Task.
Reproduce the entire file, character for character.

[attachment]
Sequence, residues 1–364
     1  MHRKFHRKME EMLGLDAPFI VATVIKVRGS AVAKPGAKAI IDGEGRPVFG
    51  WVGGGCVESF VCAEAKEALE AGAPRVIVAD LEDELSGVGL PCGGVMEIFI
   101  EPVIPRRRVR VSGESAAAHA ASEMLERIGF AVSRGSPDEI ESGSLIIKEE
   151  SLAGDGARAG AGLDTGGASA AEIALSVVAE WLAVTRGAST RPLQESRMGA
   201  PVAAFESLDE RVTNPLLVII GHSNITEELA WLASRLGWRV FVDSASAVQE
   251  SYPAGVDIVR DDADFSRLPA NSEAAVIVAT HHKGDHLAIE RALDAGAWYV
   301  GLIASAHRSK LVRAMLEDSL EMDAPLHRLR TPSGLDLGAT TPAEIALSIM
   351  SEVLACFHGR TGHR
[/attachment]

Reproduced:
Sequence, residues 1–364
     1  MHRKFHRKME EMLGLDAPFI VATVIKVRGS AVAKPGAKAI IDGEGRPVFG
    51  WVGGGCVESF VCAEAKEALE AGAPRVIVAD LEDELSGVGL PCGGVMEIFI
   101  EPVIPRRRVR VSGESAAAHA ASEMLERIGF AVSRGSPDEI ESGSLIIKEE
   151  SLAGDGARAG AGLDTGGASA AEIALSVVAE WLAVTRGAST RPLQESRMGA
   201  PVAAFESLDE RVTNPLLVII GHSNITEELA WLASRLGWRV FVDSASAVQE
   251  SYPAGVDIVR DDADFSRLPA NSEAAVIVAT HHKGDHLAIE RALDAGAWYV
   301  GLIASAHRSK LVRAMLEDSL EMDAPLHRLR TPSGLDLGAT TPAEIALSIM
   351  SEVLACFHGR TGHR